Being an effective critical thinker and a strategic decision maker are vital skills for leaders – especially during a crisis. Some crisis impact the life’s of you, your team or the broader community, like Covid-19. Others, like a company merger, might impact the psychological wellbeing of you, your team and your stakeholders. Regardless of the type of crisis or its size, positive leadership is about ensuring you create a means for the business to survive and a psychological safety net for your people.
The crisis management framework and practical leadership steps we discuss in this episode, ‘positive leadership in a crisis,’ are our own. They have been developed from business experience, team leadership and several evidence-based models of: crisis management, organisational psychology and positive psychology research.
The crisis management framework has two planning topics and 3 management areas:
Two planning topics
To provide positive leadership in a crisis there are two main topics you need to address, plan & action immediately: continuity for the business and contingency plans.
1. Business continuity planning
Brainstorming a list of ways to ensure business continuity is quick, simple and easy to organise at short notice. You may choose to involve your team. If your team are not involved in the brainstorm, advice when it is occurring, ask for any ideas they would like you to put forward and report back to them as soon as the list is produced.
The continuity list is divided into keep doing, start doing and stop doing so everyone knows what to do and what not to do during the crisis. E.g. start working from home, stop Friday lunch BBQ or keep taking client phone calls.
2. Contingency planning
Drawn from the brainstorm list above, the list of contingency actions lets the team members know what actions are being considered, if what they are currently doing doesn’t work.
Having the contingency items visually displayed allows team members to become familiar with possible future actions and makes actioning the contingency plans (if needed) much quicker and less hassle as team members have already prepared for the possibility of actioning them. A great way I have seen this is in crisis planning rooms where there are dynamic data screens showing the objective, decisions and actions and the statistics and data. These types of visual tools also help people stay rational when planning and deciding.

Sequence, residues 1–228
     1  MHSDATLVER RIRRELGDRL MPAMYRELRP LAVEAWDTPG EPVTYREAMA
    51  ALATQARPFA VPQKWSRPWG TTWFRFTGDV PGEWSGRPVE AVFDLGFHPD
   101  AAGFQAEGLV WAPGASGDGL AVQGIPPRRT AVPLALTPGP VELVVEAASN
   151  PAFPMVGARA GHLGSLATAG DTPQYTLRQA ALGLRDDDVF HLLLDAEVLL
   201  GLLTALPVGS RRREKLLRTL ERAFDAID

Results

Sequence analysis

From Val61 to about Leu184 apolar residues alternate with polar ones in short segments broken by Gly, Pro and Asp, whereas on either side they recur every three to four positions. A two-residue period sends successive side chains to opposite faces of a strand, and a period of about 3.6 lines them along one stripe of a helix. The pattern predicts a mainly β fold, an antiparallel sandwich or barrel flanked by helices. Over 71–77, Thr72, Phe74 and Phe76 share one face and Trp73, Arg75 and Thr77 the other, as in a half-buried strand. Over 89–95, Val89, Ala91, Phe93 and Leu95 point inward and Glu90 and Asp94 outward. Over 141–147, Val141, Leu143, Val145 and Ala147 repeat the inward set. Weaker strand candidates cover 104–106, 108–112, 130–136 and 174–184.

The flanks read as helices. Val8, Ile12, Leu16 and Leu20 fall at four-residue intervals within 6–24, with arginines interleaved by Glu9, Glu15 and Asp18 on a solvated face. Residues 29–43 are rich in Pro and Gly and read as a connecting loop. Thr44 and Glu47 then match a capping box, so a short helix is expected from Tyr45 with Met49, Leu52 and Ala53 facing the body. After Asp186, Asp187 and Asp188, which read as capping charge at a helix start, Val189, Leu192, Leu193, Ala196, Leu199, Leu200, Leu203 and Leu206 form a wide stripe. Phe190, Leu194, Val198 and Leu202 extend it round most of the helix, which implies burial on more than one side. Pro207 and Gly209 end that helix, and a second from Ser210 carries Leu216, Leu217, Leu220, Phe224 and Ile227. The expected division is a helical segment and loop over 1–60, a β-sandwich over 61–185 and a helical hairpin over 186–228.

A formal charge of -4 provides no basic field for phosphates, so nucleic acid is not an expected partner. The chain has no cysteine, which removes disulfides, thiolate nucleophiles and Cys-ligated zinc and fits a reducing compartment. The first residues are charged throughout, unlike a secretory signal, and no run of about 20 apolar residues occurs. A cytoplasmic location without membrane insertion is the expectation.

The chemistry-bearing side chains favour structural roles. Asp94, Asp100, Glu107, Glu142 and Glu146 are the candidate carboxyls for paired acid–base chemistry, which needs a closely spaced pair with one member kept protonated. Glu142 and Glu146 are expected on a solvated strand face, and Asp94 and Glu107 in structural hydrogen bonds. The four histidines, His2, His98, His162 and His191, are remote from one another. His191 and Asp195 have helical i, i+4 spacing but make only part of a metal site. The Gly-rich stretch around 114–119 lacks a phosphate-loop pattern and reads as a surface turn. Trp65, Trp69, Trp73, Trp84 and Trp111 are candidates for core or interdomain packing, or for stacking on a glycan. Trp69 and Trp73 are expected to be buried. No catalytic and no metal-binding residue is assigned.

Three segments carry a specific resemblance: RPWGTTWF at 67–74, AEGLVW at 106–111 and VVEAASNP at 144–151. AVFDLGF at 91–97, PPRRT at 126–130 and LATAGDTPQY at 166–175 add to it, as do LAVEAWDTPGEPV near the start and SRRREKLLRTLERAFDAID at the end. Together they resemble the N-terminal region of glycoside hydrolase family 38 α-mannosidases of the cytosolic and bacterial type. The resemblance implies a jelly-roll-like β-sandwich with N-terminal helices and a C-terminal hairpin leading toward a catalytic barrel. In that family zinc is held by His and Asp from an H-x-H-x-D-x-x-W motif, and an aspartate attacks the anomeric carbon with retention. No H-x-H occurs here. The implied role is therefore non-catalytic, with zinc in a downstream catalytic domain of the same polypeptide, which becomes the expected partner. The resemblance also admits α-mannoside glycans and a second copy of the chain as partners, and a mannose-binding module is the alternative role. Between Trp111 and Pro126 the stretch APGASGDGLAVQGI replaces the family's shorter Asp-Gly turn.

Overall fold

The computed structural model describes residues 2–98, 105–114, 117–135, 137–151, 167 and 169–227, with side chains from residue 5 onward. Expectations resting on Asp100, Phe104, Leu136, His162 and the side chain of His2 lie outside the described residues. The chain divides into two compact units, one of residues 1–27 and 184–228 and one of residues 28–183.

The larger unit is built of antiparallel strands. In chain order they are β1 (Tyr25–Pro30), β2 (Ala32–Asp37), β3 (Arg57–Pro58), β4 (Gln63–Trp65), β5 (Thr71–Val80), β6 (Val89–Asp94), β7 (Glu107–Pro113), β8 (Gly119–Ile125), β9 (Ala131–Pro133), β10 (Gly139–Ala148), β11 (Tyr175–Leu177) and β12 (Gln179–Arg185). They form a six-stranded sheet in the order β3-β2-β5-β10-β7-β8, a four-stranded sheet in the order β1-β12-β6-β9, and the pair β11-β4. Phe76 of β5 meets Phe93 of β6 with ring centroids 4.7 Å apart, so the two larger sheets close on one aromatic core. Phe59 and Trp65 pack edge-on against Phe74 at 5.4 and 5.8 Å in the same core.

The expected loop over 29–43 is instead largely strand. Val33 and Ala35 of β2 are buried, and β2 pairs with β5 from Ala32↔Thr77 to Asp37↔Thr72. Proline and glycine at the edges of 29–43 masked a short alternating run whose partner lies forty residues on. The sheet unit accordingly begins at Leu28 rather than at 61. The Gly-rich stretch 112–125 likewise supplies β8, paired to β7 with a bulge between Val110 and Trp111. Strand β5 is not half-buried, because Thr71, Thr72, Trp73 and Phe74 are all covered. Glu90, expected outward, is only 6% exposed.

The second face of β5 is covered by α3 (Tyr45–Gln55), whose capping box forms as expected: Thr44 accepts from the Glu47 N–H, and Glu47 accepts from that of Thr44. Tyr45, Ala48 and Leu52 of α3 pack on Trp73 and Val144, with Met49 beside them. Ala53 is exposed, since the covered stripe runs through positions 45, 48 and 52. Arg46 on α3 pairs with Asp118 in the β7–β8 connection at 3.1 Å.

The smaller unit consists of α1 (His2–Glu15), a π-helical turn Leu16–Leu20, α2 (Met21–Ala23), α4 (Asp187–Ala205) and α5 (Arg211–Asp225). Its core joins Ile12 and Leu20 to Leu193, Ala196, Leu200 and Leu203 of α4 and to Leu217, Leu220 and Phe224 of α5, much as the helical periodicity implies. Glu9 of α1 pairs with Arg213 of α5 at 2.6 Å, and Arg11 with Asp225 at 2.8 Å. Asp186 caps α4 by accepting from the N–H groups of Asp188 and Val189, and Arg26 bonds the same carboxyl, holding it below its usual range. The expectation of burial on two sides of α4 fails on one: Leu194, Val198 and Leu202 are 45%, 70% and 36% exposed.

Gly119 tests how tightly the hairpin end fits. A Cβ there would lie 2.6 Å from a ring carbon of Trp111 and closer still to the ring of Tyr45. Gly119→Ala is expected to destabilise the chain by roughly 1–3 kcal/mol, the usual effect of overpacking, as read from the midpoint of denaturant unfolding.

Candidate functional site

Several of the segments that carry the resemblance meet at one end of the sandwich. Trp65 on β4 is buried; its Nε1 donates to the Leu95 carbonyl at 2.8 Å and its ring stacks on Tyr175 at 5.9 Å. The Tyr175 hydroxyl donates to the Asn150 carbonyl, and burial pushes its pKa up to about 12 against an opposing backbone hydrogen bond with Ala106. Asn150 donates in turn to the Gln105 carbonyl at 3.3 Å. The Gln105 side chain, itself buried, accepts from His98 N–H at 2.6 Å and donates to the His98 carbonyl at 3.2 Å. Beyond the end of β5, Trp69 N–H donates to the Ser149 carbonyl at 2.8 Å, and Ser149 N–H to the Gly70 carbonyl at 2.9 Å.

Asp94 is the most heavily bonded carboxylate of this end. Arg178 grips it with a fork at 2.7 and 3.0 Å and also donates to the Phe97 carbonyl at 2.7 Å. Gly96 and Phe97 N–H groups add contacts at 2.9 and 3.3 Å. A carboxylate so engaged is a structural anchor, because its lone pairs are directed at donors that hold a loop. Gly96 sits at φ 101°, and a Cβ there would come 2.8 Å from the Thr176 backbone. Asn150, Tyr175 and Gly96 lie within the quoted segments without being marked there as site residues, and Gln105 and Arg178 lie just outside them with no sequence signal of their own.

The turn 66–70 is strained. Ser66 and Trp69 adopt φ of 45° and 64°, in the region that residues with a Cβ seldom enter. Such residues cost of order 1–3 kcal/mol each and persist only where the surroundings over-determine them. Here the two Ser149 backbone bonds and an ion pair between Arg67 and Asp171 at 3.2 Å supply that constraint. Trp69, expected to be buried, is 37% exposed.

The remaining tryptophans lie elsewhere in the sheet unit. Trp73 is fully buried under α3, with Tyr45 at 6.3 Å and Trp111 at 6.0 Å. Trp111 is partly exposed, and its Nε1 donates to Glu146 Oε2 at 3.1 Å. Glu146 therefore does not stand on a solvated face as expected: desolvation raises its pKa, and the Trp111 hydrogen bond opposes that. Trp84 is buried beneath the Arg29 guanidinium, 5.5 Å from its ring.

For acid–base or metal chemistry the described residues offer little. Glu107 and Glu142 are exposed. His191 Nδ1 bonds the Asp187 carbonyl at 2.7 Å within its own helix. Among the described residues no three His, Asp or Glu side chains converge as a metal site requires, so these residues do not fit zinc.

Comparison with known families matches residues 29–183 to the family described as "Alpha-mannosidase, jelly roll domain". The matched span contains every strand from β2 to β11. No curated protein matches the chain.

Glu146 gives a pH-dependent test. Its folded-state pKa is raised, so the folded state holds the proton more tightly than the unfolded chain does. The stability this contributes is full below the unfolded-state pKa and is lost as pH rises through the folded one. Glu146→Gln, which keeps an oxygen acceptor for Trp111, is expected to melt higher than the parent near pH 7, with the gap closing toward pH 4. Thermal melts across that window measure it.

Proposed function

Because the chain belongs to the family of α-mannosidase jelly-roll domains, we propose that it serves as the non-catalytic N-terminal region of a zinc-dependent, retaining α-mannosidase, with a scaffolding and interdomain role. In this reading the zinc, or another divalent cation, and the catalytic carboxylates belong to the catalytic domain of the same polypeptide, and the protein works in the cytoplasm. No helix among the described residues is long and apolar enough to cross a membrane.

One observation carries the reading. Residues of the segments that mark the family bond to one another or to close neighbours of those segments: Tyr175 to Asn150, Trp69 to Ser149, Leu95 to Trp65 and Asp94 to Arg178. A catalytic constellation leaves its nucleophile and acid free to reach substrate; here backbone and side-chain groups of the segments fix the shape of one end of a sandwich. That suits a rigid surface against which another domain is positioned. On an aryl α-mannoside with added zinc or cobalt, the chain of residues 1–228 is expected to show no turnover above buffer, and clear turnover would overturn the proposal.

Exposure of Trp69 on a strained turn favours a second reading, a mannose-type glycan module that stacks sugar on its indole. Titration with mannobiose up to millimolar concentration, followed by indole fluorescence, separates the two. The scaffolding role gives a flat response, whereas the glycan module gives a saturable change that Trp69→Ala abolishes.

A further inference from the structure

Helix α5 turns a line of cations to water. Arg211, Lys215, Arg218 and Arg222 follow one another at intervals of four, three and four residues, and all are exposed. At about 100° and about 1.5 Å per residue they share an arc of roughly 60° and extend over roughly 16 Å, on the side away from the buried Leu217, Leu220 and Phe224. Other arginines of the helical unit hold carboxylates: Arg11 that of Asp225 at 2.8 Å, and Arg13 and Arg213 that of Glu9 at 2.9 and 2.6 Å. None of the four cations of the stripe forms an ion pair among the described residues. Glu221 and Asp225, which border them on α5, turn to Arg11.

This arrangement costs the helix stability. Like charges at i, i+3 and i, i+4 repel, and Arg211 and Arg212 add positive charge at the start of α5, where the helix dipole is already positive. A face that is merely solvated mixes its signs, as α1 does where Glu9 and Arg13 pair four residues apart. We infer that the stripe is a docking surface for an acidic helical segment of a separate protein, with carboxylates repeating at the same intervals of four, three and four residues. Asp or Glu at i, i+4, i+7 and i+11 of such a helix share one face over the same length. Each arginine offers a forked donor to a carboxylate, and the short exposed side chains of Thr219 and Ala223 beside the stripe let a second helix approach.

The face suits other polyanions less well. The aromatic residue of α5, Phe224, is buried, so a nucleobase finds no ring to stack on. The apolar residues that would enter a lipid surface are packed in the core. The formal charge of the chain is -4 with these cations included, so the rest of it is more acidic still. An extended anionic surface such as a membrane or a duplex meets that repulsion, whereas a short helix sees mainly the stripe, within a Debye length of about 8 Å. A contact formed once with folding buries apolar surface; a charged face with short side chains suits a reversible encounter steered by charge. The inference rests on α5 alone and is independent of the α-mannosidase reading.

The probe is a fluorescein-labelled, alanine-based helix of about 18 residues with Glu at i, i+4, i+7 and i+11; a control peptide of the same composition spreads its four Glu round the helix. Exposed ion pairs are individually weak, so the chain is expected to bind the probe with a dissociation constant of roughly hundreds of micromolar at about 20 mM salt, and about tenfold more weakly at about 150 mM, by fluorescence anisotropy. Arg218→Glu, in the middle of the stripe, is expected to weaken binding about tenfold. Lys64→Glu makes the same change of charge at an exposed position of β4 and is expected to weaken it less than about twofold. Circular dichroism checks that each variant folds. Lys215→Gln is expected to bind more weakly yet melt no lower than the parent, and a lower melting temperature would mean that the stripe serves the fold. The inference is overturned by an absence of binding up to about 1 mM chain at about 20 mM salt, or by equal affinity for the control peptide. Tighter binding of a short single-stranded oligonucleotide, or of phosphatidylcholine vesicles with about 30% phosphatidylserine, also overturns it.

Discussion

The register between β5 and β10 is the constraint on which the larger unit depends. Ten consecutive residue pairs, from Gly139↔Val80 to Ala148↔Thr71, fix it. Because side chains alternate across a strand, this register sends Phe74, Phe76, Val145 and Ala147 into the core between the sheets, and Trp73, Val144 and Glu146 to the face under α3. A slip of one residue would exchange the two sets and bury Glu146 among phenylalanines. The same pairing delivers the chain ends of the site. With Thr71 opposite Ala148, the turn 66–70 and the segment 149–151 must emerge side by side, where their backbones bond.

The research suggests you make a list of pros and cons to help with your decision making and some also suggest you add consequences and place risk weightings on them.
In a crisis there is an 80% rule, you will only ever have 80% of the information you need.
During a crisis things change quickly and leaders need to accept they will be making daily decisions and changing the decisions often - as new or more reliable information becomes available.
3 areas to manage
Focusing on solutions is a key feature of positive leadership, however, a defense strategy is as equally as important as focusing on solutions and opportunities during a crisis.
List and assign people to manage the risks.
Leaders are tasked with producing results and ensuring their teams, the people in them, are coping.
During a crisis this remains true. To ensure your people are remaining calm and not being overwhelmed by the crisis is to create an environment where positive practical thinking is encouraged. Leaders need to role model rational conversation, logical, innovative and creative thinking and demonstrate how to positively respond to ‘fear mongering and ‘fake news’.
Positive steps a leader can take to create an environment conducive to psychological safety and business survival during a crisis include:
For leaders to step up to the mike and lead people through a crisis they will also need to keep an open and flexible mind, be optimistic and rational and maintain their own sense of confidence and calm.
The best leaders among us develop their people to take responsibility and make solutions happen……pre, during and post crisis.